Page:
Ivan: First of all, let’s define some things. There is the Russian music industry and there is Russian music. These are completely different things. The “music industry” is about business and making money. More or less every national music industry is about the same. Yes, there are differences between markets depending on cultural and economical features but the rule is simple: “create what can be sold”. We can dispute things like “demand causes supply” – Russia is a very large country and it includes almost wild settlements where TV is the greatest treasure of the family. So imagine what is the average cultural level between a former imperial capital like St. Petersburg and a small forgotten village hidden in Siberian forests? As a marketing specialist, I can understand the way big media bosses choose their musical politics for their programs – their goal is to make it understandable for the lowest levels of comprehension. Guys like us learn to avoid main channels programs and grow up with the knowledge that Russian contemporary music is crap. Most of us are not even trying to disprove it (regretfully).
On the other hand – I must say I see signs of an upcoming musical renaissance here in Russia. These far-flung villages and small towns all over the country somehow produce real masterpieces that are beyond styles and genres. I know Americans who surprisingly enjoy Russian modern arts and music (a surprise for Russians, anyway!) – the most notable one is David MacFayen, professor at UCLA. He discovers unique Russian musicians that are ignored by the locals, snobs and mass media and gives them coverage with his own project called “Far From Moscow”. It’s a very ironic and strange situation, when a foreigner helps to raise the heritage of another country. I’m very thankful to David and I appreciate his work. Probably when being praised by an external point of view, true modern Russian culture will start to accept and understand itself.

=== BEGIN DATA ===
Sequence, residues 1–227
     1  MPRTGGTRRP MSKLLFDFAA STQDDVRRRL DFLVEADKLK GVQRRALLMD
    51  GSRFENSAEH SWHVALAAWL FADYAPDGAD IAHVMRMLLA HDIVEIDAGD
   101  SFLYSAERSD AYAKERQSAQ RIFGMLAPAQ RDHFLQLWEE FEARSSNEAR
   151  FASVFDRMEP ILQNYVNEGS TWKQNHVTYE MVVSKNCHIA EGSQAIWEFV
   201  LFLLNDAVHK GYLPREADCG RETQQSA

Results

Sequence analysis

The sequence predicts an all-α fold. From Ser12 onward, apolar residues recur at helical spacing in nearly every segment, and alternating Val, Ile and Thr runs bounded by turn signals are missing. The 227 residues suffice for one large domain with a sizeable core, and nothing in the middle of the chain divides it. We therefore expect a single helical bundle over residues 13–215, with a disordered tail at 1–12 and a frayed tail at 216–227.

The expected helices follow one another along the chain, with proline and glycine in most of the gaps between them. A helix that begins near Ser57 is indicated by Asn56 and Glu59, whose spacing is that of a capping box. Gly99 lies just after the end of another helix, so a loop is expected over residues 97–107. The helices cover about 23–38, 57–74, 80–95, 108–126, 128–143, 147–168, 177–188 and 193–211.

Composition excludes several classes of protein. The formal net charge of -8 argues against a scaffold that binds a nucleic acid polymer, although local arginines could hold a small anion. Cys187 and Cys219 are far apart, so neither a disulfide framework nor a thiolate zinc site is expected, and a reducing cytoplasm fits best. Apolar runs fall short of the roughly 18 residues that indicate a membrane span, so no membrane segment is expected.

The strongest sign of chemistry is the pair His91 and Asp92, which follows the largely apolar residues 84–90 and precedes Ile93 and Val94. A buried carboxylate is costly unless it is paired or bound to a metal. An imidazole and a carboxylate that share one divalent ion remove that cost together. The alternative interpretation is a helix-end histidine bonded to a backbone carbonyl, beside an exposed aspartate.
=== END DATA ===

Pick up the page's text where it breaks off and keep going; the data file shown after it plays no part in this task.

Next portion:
Russian metal has quite the history, from bands back in the 80s like Ariya through to modern stuff ranging from Katalepsy through to Slot, Epidemiya and everything in between, and obviously I’ve missed lots out. Would you say that you are proud of your country’s metal heritage?
Eugene: Our rock bands (especially of the previous century) were always good poets but bad musicians. It seems that the situation is changing in a good way in past 10 years. But honestly I was never interested in Russian rock scene.
Ivan: It just so happens that almost none of us are fans of Russian metal. Probably if some of us (or even any) were fans, we wouldn’t be talking right now. I’ll try to explain. Russian rock and metal is quite a big and original part of national musical culture. The identity of Russian rock goes back to the 80s, when the youth of that time started to ask tough questions and express their own thoughts on what was happening around them (just like us today). I’m very proud of the strong social and political involvement of these people. They’ve done a great job liberating our country from the rusty bindings of communism.
However, Russians are pretty conservative people who get strongly attached to things they once fell in love with. Music is the same story. The 80s are long gone but lots of people who were raised on that music still cling to the style that was popular in those days. The story repeats itself with 90s and 00s music. On one hand I see Russian metal bands of these years who don’t want to accept the modern music reality – and that’s why some of us (I mean Tony and other folks) neglect such music. On the other – as Eugene said – Russians are poets by their nature, and the lyrics of most of the bands listed above are very beautiful and deeply meaningful.
Do you think that, like in many countries, metal is used in Russia as a form of expression of the frustration towards your government? Because it is safer than directly protesting?
Eugene: Who said it’s safer?
Tony: Music is a form of catharsis for everyone who’s involved in the process of writing and listening. I guess music is a great way to deal with frustrations. When you put all your energy in instruments, there will be nothing left for rebellion but such passionate music can force masses to rebel.
Ivan: Rock music (metal is just a sound form) is a particular form of protest communication which obtains its full power when other channels of communication become locked or corrupted. Just like it happened in our country years before.
So, coming to the future of Planara. You guys mentioned being fans of a band called 10 Years. What do you want to have achieved in 10 years time?
Eugene: To have more of those beautiful people who care about my music than 10 Years have right now *smiles*.
Tony: I can’t call myself a fan of 10 Years, I just like ’em. But I’m young and I guess I got my own way of seeing/doing things, and I’m not aiming to be in the world’s Top 10… I want to conquer hearts, not charts.
Ivan: To release ten more albums!
Thanks for your time guys, all the best, and I hope to catch you live sometime!
All: Thanks for the questions!